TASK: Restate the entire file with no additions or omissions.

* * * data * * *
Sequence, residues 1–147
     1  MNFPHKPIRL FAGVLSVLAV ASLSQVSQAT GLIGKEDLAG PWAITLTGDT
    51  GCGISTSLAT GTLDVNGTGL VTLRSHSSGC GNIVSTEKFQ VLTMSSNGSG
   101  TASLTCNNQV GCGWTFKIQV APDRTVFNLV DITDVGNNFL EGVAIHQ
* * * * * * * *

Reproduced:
Sequence, residues 1–147
     1  MNFPHKPIRL FAGVLSVLAV ASLSQVSQAT GLIGKEDLAG PWAITLTGDT
    51  GCGISTSLAT GTLDVNGTGL VTLRSHSSGC GNIVSTEKFQ VLTMSSNGSG
   101  TASLTCNNQV GCGWTFKIQV APDRTVFNLV DITDVGNNFL EGVAIHQ